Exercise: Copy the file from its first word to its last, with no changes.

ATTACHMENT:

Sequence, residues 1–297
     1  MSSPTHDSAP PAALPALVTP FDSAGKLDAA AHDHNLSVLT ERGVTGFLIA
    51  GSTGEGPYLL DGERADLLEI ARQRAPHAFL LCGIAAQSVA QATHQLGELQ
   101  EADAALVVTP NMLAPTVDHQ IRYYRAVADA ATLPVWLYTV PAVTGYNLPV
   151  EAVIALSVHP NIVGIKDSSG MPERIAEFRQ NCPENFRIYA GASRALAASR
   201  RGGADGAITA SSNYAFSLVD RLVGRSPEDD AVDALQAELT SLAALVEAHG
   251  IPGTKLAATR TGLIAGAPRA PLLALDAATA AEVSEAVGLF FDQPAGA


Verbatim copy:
Sequence, residues 1–297
     1  MSSPTHDSAP PAALPALVTP FDSAGKLDAA AHDHNLSVLT ERGVTGFLIA
    51  GSTGEGPYLL DGERADLLEI ARQRAPHAFL LCGIAAQSVA QATHQLGELQ
   101  EADAALVVTP NMLAPTVDHQ IRYYRAVADA ATLPVWLYTV PAVTGYNLPV
   151  EAVIALSVHP NIVGIKDSSG MPERIAEFRQ NCPENFRIYA GASRALAASR
   201  RGGADGAITA SSNYAFSLVD RLVGRSPEDD AVDALQAELT SLAALVEAHG
   251  IPGTKLAATR TGLIAGAPRA PLLALDAATA AEVSEAVGLF FDQPAGA